Opening Day is now less than one week away and with little roster intrigue surrounding the Royals our attention is turned towards the soon to be ‘real’ baseball games. Unless you are still busy monitoring what music everyone else likes, what clothing they choose to wear or what television shows and entertainment they choose to watch. If that’s the case, I apologize in advance for wearing shorts to baseball practice tonight while listening to Charlie XCX and discussing Mountain Monsters with my assistant coach.
Anyway, the Royals’ fandom (and I imagine most teams’ fans) often fall into two very different camps about this time of year. The first is the ‘everyone will be better’ camp where no projection is good enough and every other team has weaknesses but the Royals’ weaknesses will be erased by, you guessed it, everyone getting better. I’ve been there. It’s a happy place where one can believe that Mark Teahen and Ruben Gotay are just the guys to lead the Royals out of the darkness or that Angel Berroa will actually parlay a hot spring into a great regular season…or Mike Moustakas will.
The second camp is the ‘no one will be better, all the moves were crap’ group. In this circle, most projections are optimistic, any player who had a bad season will get even worse and most of those who had good seasons were lucky and, gasp!, are now a year older. It is kind of a grumpy and surly place, where one has a lot to write about and you can feel pretty smug when Mike Jacobs really cannot hit anything round and Juan Gonzalez disappears into The Plaza in May and is never seen again.
Seldom (ever?) does everyone on a team get better (or luckier) and rarely does everyone on a team get worse. Now, a team can come close to both and, just off the top of my head, a team is more likely to have the majority of their roster implode than explode. That said, I thought I might take a stab at the position players and pitchers most likely to make the happy camp pleased and also the ones most likely to make the gloomy guys feel smart.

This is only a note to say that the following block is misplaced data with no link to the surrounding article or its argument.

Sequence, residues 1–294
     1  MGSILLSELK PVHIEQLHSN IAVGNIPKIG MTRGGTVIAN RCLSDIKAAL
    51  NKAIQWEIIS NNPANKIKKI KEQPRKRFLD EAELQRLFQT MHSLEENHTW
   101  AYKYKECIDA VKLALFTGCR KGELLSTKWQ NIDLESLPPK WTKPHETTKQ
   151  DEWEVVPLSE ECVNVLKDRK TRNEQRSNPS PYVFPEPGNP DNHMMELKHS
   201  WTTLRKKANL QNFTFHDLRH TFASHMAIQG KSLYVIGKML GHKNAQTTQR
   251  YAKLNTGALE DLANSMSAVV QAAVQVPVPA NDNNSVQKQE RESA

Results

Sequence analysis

Eric Hosmer has been pegged to be the next great Royal since, well, since we kind of gave up on Alex Gordon being the next great Royal (which he kind of has become, by the way). While ZiPS projects him to be good (.345 wOBA, 2.6 fWAR, .293/.346/.443 – basically Alex Gordon without the great defensive component in WAR), it doesn’t indicate Hosmer taking that next step. He has alternated two good years with two not very good years and punctuated the last with a very good post-season which, as Craig wrote some time back, was aided by a generous diet of fastballs from the Royals’ post-season opponents.
All that said, Hosmer is still young and has been through as many hitting coaches as major league seasons. While we like to scoff at scouts and ‘their feel’, there is something to the opinion of guys who do nothing but watch baseball players for a living. Like Gordon, the general feeling is that Hosmer almost has to be better than this or, at least among all the youngish players on the roster, he is at least the one that has the best chance to be really good.